Large, warm flows of fresh water during spring and summer often initiate and enhance ice edge melt in the Arctic. They also rejuvenate the Arctic Ocean’s fresh water supply and, when combined with increasing glacial melt, serve to enhance the rate at which sea ice forms during fall and winter. The reason for this is that fresh water forms a protective layer keeping warmer, saltier water away from the ice even as it tends to freeze at a higher temperature than saltier ocean water. It is this combination of factors that is implicated in a temporary increase in sea ice coverage at the South Pole, even as atmospheric and ocean warming advance ice sheet melt there.

Since heat transfer to the Arctic Ocean from the continents via warm floods serves to increase ice melt rates in the summer season and since increasing flows of fresh water from both the continents (snow melt, increased summer storms) and glaciers (increasing rates of ice sheet melt brought on by human-caused warming) serve to enhance ice formation during the winter season, the Arctic is pushed to see-saw between record and rapid melt and rapid refreeze.

That said, an overall accumulation of heat in the Arctic Ocean has resulted in sea ice extent, area and volume decline during all seasons as the ice is unable to recover to past levels during winters. It’s just that the decline rate is fastest and most greatly amplified during summer.

The below graph, provided by Wipneus, displays this summer melt exaggeration:

Sea Ice Volume Losses Wipneus

(Arctic sea ice volume losses with trend lines. Image source: Wipneus)

Note the faster rate of loss during June, July, August, and September when compared to months during other seasons.

New Ocean Circulation Transfers Most Fresh Water to Beaufort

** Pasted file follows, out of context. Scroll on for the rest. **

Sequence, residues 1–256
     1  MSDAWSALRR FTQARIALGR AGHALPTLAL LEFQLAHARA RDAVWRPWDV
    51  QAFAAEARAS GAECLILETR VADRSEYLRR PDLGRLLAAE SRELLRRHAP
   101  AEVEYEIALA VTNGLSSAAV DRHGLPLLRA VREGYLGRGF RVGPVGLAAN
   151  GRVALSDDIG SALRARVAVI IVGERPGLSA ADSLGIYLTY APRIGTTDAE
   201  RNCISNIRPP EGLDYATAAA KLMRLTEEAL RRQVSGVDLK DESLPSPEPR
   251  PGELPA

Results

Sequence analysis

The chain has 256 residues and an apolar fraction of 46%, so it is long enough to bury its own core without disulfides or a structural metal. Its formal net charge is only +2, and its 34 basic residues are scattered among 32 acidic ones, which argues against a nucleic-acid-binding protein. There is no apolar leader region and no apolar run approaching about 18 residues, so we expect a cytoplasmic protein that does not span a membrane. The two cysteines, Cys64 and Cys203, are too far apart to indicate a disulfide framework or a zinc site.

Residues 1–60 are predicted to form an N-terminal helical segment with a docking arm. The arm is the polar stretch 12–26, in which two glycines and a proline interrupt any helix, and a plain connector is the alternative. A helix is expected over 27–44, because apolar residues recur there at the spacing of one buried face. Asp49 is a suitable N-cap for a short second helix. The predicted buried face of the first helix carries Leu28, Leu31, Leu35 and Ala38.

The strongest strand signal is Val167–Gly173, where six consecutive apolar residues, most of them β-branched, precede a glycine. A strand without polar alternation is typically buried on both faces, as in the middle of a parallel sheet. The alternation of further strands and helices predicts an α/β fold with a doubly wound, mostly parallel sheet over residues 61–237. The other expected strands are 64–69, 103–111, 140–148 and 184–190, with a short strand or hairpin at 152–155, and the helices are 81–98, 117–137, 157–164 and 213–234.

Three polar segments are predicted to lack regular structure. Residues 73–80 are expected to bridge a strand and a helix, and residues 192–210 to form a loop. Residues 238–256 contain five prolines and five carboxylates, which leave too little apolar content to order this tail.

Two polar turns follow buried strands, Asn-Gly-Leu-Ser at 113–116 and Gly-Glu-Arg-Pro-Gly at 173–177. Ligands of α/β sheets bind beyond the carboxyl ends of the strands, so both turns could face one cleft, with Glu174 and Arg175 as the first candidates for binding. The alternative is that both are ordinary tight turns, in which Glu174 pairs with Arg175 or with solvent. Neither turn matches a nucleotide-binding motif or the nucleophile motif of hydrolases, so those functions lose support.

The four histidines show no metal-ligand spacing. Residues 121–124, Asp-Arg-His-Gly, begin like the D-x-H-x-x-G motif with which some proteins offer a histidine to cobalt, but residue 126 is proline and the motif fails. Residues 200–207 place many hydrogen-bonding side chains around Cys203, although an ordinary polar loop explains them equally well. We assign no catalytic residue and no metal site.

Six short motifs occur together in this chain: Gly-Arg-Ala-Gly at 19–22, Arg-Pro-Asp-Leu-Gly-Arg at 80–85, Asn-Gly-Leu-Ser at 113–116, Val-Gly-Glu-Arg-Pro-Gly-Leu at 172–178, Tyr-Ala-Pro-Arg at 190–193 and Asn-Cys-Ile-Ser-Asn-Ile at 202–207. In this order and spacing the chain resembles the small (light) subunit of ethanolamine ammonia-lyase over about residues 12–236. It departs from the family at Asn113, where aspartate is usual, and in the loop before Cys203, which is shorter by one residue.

Increasing flows of fresh water via snow, glacial melt, and more rainfall has now met with strange changes to Arctic Ocean currents, wind patterns and circulation that, according to NASA, is both preserving some of the thermohaline circulation in the Arctic and pulling more fresh water into the Canada Basin and Beaufort Sea.

A visual presentation of these changes is provided by NASA below:

In its press release, NASA noted:

The transpolar drift (purple arrows) is a dominant circulation feature in the Arctic Ocean that carries freshwater runoff (red arrows) from rivers in Russia across the North Pole and south towards Greenland. Under changing atmospheric conditions, emergent circulation patterns (blue arrows) drive freshwater runoff east towards Canada, resulting in freshening of Arctic water in the Canada Basin (full press release here)…

Knowing the pathways of freshwater is important to understanding global climate because freshwater protects sea ice by helping create a strongly stratified cold layer between the ice and warmer, saltier water below that comes into the Arctic from the Atlantic Ocean. The reduction in freshwater entering the Eurasian Basin resulting from the Arctic Oscillation change could contribute to sea ice declines in that part of the Arctic.

NASA shows how changes in Arctic Ocean circulation have already re-distributed fresh water into the Beaufort Sea in the image below:

Fresh Water, Canada Basin

(Image source: NASA)

Higher concentrations of fresh water in the Beaufort would tend to preserve more sea ice there. Ironically, this ice is vulnerable to late-season melt due to its proximity to the North American Continent and away from the relative cool of Greenland. Higher salt water concentrations running from Greenland to the North Pole to the Laptev and then toward Wrangle Island would tend to enhance early season edge melt there.

Overall, this new distribution of fresh water combined with heat transfer into the Arctic Ocean via the continents makes it difficult to provide a case for long-term ice preservation under a regime of increasing human-caused warming. A fresh water cap near Greenland would have combined with cooler regional temperatures to preserve ice for longer periods there. Instead, we have the more resilient ice placed in close proximity to hot continental land rather than cold Greenland ice. Since these changes have yet to be fully understood, new reports will, hopefully, generate more clarity.

Emerging and amplifying flows of fresh water from both continents and glaciers along with changing Arctic Ocean circulation represent yet one more example of how human fossil fuel emissions are radically altering the Arctic. Though not quite as threatening as increasing releases from Arctic carbon stocks or as directly visible as an increasing number of heatwaves in the Arctic, these new pulses of fresh water, when combined with changing ocean circulation, are driving profound changes to the Arctic environment.